Food Allergies on the Rise
It’s normal for kids to be nervous about starting school. But today, parents and children have more reason to worry.
According to The Food Allergy & Anaphylaxis Network, incidences of food allergies have skyrocketed, doubling in the last 10 years. The problem is scientists don’t know why. More than 12 million Americans, or one in 25, suffer from this potentially life-threatening situation. Among them are 2.2 million school-age children.
It’s extra nerve-wracking for mom and dad to send allergy-stricken sons and daughters off to class again, especially since food allergens can be found not just in meals and snacks, but in art projects, craft activities and even math lessons.
“Just one bite of the wrong food can bring on anaphylaxis — a severe allergic reaction that can cause death,” says Anne Muñoz-Furlong, founder and CEO of The Food Allergy & Anaphylaxis Network. “Even trace amounts can be enough to cause problems — sometimes just through skin contact or from inhalation when food is being cooked.”
Snack producers are doing their part by clearly labeling foods that may have been exposed to peanuts, soy, milk or eggs, for example. However, there is no uniform food allergy policy to guide our nation’s schools.
According to Muñoz-Furlong, “The bottom line is that parents can’t be sure that a school is equipped to protect their child.”
This might change as a result of legislation recently introduced in Congress. If passed, The Food Allergy and Anaphylaxis Management Act would call on the federal government to establish voluntary national guidelines for managing students with food allergies.
For more information, visit
Saved by the Bell
It’s a good thing school’s back in session. While college students often suffer from the “freshmen fifteen,” many 5- to 6-year-olds gain more weight over the summer than during the academic year, according to a recent study by The Ohio State University and Indiana University.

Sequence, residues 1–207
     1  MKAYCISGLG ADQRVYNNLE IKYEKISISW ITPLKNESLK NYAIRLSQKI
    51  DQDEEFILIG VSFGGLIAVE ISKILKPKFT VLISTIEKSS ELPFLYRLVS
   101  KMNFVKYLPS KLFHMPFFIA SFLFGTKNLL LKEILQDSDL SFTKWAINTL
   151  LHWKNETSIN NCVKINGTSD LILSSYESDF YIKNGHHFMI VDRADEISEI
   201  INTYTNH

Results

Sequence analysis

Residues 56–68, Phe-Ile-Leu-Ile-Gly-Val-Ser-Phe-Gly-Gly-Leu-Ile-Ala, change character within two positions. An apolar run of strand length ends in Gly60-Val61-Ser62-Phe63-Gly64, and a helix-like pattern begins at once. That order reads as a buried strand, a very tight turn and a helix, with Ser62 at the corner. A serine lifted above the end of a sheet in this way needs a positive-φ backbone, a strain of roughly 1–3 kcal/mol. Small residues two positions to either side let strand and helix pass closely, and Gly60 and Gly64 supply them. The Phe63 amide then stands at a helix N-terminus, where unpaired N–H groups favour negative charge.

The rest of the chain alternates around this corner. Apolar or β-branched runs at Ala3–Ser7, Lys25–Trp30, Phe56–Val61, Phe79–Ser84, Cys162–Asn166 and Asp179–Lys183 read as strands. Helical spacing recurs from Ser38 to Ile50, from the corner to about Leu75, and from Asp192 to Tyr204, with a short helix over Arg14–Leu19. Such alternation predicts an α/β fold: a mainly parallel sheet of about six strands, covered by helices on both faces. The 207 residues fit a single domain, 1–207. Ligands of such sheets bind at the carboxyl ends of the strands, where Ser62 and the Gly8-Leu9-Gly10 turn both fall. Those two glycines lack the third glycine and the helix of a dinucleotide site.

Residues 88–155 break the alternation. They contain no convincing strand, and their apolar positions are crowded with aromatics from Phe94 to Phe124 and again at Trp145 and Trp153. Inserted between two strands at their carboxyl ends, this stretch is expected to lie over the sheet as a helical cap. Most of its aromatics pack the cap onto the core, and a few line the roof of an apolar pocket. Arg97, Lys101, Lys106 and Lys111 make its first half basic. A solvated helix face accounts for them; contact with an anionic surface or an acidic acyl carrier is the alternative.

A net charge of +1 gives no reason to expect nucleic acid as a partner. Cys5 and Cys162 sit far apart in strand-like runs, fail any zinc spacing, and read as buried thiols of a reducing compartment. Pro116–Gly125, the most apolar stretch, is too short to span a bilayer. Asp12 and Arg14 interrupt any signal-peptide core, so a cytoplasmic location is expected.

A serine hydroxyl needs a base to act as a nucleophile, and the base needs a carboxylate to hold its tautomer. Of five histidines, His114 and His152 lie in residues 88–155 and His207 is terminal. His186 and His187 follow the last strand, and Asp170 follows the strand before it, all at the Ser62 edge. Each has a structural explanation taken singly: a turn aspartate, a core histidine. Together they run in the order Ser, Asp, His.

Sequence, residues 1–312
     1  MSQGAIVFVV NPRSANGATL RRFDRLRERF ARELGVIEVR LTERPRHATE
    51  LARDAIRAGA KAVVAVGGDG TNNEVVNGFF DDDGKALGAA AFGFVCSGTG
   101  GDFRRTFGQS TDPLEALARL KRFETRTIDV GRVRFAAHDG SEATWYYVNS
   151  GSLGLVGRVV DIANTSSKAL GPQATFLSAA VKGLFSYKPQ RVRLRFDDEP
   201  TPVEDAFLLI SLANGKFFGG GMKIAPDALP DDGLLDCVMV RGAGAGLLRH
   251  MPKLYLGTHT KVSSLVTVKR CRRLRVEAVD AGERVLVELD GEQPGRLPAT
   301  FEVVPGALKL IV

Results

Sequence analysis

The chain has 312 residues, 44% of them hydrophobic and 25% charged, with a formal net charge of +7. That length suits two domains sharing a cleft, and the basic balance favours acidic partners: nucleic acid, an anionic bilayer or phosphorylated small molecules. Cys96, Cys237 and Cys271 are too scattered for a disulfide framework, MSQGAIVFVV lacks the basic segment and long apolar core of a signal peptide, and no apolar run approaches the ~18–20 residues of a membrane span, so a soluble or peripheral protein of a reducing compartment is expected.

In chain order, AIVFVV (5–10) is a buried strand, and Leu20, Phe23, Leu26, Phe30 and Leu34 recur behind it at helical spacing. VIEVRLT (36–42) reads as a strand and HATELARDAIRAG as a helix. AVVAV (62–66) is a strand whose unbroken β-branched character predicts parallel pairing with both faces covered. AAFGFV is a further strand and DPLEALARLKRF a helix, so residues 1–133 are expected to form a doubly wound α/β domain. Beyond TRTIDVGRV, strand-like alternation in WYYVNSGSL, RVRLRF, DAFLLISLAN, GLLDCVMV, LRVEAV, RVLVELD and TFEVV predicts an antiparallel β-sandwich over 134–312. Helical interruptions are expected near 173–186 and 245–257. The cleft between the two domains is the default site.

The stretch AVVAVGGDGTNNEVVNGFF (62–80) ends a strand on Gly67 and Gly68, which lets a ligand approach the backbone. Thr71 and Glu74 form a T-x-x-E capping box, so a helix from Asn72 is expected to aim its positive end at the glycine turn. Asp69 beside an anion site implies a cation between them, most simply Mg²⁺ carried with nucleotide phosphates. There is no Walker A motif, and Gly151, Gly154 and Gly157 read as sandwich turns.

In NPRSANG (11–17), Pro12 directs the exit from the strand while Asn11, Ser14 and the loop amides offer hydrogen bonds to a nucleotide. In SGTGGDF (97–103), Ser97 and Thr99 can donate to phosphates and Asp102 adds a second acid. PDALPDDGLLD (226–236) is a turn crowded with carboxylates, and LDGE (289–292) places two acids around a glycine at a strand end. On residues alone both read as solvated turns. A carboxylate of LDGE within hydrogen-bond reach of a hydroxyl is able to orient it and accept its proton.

Researchers examined the growth rates of the body-mass indexes of 5,380 kindergarteners and first graders. The data was provided by a National Center for Education Statistics survey that ran from fall 1998 to spring 2000 in 310 schools nationwide. Results showed that the BMIs were, on average, more than twice as much during summer when compared with the school year.
Researchers speculate that summer months lack the structure of school days, perhaps accounting for the weight gains. Doug Downey, who co-authored the report, suggests that kids have too much free time when school’s out, during which they eat more snacks and play more video games, for example.
Apparently, parents who criticize public schools for poor lunches and blame snack producers for unhealthy vending machine offerings could do a better job at home, too.
To purchase the complete study, visit
Not Sweatin’ Enough
Richard Simmons was a self-proclaimed “fat kid” who hated P.E. However, he’s now one of the biggest phys ed proponents out there.
“Everyone wants to know why America’s kids are overweight and out of shape,” Simmons states on his Web site,” Well, I can answer that question for you in one sentence: Kids don’t get enough exercise!”
The 60-year-old fitness guru has decided to practice what he’s preaching by going to Washington, D.C., in support of a bill — now H.R. 3257, a sister to H.R. 1224 — that would return gym class to schools nationwide.
“We all want to see America’s children grow healthier, so I am making it my personal crusade to bring physical fitness back to our schools!” he says.
Simmons asks everyone to take his national Ask America survey, the link to which can be found at He also encourages visitors to write their congressmen, and even provides a template on his Web site that users can easily fill out and send in … no sweat.
Editor’s Note
Today’s “after-school snacks” go beyond mere milk and cookies. Products of all flavors, portions and nutritional profiles now compete for attention from kids, as well as their parents. In this section, we check out the latest items for young snackers, including healthful and organic offerings. We also examine relevant trends, news and health studies. With nationwide concern over childhood obesity at an all-time high, America needs to examine just what kids are, could and should be eating … before, during and after that final school bell rings. Please send comments, questions and suggestions to Deborah Cassell, Snack Food & Wholesale Bakery’s managing editor, at